• This was a pretty dramatic reboot of the Superman mythology, and the film makers did take a risk with the darker, grittier tone. I’m sorry you had to pay $28 for a movie you didn’t enjoy — that’s no fun! 😦 It’s $16 for a 3-D IMAX ticket where I live, and I used to complain about that, but I won’t anymore! 😉

  3. I enjoyed Man of Steel, and I hope it is the start of another Superman movie franchise. You are right that Warner Bros and DC are keeping their fingers crossed with this movie; it has to make big bucks for a Justice League movie to happen.
    And that’s not going to be an easy task since any superhero movie that doesn’t make a billion dollars is considered a disappointment.
    Still, I think the reviews are positive enough that they will push forward with more Superman movies and a Justice League movie. At least I hope so.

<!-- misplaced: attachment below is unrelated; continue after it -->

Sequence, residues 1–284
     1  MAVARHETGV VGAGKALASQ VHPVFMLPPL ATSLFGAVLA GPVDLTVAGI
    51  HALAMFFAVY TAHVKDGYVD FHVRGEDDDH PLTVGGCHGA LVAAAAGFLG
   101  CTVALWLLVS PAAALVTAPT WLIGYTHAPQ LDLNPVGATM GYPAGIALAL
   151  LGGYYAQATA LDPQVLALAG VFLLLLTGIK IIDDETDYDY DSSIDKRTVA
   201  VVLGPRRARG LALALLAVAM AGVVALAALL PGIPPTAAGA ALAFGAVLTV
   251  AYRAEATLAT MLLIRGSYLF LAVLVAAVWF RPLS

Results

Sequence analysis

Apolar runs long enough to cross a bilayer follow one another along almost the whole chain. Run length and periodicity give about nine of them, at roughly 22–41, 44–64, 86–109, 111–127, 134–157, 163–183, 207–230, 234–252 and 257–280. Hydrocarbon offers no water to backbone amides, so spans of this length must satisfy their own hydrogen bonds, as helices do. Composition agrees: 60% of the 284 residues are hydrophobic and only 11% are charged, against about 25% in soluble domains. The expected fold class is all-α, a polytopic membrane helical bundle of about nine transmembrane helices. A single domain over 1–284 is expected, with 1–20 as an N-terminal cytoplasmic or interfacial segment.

• It’s interesting how much pressure is on superhero movies these days. You’re right — pretty much anything less than a billion is considered a letdown. The Avengers definitely upped the stakes!

      • Warner Brothers is probably anxious to reboot Batman, so introducing a new actor in the Batsuit would be a great way too kick off the Justice League franchise with Henry Cavill leading the movie as Superman. I think the Justice League movie will be green lit this time.

      • I do too. I’m curious to see what they do with Batman. I wouldn’t mind seeing a new series of films with Joseph Gordon-Levitt taking over this time, as a spin-off from Dark Knight Rises.